Pair Charged With Running Mushroom Lab

By Terrapinzflyer · Feb 12, 2010 · ·
  1. Terrapinzflyer
    Pair Charged With Running Mushroom Lab
    Police Say Lab Found During Apartment Fire

    GROTON, Conn. -- Two former Groton residents have been arrested on charges of running a mushroom lab.

    John McTigue, 26, of Old Lyme, and Kathryn Immohr, 29, of New Milford, were arrested Thursday after an investigation into a lab police said was found at their former Groton apartment.

    Police said the psilocybin mushroom lab was found during a fire in their apartment at the Country Glenn apartment complex in September 2009.

    Police said numerous items were seized from the apartemnt and taht the lab could have produced up to five pounds of psilocybin mushrooms with an estimated street value of $12,500.

    Police said the cultivation of the mushrooms did not cause the fire.

    McTigue and Immohr were charged with possession of marijuana, operating a drug factory, possession of psilocybin mushrooms and cultivation of a controlled substance.

    February 11, 2010

    They were both released after posting $200,000 bonds.

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  1. Terrapinzflyer
    Suspended sentence for man who was growing psychedelic mushrooms

    A 27-year-old man who said he was growing psychedelic mushrooms in his Groton apartment as “an experiment” has been convicted as a felon but will avoid prison time if he complies with the conditions of his probation.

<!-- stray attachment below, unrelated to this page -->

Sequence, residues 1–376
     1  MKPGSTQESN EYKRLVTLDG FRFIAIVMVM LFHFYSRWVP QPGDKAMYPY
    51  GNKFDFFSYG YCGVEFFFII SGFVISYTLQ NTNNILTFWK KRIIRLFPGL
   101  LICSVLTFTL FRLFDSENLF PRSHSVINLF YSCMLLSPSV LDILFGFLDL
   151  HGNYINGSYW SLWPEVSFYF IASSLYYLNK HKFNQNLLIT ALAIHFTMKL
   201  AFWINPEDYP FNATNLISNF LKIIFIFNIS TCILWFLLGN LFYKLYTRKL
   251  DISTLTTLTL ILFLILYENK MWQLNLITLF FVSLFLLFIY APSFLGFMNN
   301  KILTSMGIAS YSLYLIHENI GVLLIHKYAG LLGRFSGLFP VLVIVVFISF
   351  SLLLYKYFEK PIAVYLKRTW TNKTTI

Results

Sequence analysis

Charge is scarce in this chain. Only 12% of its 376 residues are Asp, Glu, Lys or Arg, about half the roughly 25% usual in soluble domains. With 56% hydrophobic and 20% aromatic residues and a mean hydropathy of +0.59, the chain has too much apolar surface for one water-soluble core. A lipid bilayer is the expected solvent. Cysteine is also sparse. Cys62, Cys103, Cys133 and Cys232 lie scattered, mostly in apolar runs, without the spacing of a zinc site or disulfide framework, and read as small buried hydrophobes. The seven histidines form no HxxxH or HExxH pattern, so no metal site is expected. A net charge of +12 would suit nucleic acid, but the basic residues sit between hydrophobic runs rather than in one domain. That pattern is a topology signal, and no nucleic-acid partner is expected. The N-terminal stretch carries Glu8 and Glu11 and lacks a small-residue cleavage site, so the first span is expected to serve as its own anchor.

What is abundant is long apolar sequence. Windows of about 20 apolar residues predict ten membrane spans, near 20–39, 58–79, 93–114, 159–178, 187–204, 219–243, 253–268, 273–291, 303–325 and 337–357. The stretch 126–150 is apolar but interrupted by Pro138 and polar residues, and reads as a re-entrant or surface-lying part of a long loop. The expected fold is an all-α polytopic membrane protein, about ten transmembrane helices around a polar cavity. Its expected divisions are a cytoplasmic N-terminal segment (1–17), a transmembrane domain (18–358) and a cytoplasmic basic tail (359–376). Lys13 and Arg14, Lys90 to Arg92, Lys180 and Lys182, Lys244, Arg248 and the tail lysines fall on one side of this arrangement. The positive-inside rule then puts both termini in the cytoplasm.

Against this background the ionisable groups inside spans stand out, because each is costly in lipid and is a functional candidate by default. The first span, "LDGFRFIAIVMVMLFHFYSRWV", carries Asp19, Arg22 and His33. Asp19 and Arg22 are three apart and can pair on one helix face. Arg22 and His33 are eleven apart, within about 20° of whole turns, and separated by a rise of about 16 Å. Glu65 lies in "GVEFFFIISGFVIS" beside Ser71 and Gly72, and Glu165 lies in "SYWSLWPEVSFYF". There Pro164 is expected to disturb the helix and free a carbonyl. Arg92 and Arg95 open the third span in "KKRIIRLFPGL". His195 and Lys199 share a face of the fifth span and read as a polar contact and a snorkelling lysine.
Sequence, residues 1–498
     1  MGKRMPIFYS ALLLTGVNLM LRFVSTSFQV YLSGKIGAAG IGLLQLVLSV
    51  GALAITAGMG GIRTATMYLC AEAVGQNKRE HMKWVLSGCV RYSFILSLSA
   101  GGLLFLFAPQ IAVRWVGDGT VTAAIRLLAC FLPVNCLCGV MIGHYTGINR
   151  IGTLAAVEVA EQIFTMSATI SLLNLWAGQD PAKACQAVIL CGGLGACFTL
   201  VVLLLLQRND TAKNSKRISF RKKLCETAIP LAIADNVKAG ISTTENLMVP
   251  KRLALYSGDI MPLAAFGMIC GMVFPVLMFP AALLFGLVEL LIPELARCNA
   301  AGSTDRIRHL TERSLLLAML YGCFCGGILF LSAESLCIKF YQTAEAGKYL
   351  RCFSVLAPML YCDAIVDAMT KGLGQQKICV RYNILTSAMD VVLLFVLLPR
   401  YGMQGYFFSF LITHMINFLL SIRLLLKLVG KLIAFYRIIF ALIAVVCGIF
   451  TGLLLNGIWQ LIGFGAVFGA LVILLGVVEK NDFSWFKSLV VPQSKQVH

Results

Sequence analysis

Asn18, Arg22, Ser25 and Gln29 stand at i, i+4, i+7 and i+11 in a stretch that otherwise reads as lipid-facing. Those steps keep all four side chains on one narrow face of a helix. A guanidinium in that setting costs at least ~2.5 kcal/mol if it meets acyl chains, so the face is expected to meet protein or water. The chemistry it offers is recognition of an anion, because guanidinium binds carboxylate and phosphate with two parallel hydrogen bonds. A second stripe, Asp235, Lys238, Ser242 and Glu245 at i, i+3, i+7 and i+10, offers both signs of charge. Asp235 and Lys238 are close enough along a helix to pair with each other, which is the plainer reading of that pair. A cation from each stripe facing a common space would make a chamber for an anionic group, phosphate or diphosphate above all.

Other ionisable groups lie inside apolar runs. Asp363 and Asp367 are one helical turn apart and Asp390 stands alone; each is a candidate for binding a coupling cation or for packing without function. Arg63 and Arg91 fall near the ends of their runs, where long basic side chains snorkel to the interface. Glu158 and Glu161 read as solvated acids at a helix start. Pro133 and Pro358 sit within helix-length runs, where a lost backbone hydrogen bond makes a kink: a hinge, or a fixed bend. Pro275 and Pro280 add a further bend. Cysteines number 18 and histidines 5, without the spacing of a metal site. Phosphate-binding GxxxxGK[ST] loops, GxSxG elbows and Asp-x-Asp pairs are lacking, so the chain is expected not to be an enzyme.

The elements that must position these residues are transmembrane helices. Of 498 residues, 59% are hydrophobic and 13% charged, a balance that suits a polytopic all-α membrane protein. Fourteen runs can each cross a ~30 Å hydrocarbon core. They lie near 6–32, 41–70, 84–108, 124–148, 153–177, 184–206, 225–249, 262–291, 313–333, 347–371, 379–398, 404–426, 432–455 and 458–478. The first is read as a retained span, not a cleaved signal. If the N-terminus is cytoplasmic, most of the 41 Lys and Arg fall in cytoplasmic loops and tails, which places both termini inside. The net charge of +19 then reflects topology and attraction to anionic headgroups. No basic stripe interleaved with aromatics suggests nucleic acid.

John M. McTigue pleaded guilty to possession of narcotics with intent to sell. Groton Town police arrested McTigue and his wife, Kathryn Immohr, after crews responding to a fire at their Meridian Street Extension apartment discovered a laboratory McTigue was using to produce psilocybin mushrooms. Police said the lab could have produced up to five pounds of the hallucinogenic fungi commonly known as “magic mushrooms.”

    McTigue said he was growing the mushrooms for personal use, for religious rituals, and to see if they could help alleviate anxiety.

    At his sentencing today in New London Superior Court, prosecutor John P. Gravalec-Pannone said the crime called for some jail time while defense attorney Paul Chinigo argued that McTigue has realized the consequences of his behavior and has a good job.

    Judge Patrick J. Clifford said it was a “close call,” but that he decided to take a chance on McTigue rather than have the state spend $40,000 a year to incarcerate him. Clifford gave McTigue a suspended prison sentence and three years of probation. He ordered McTigue to make a $1,000 charitable contribution within six months, perform 100 hours of community service within 18 months and to remain drug and alcohol free.

    “It sounds like you can be and you have been a productive member of society,” Clifford said. “...If you don’t get it and you’re fooling everybody, you’ll be back here on a violation of probation.”

    Clifford granted McTigue’s wife entry to a drug education program, giving her the opportunity to clear her record if she complies with the program’s conditions.

    By Karen Florin
    Decembber 15, 2010
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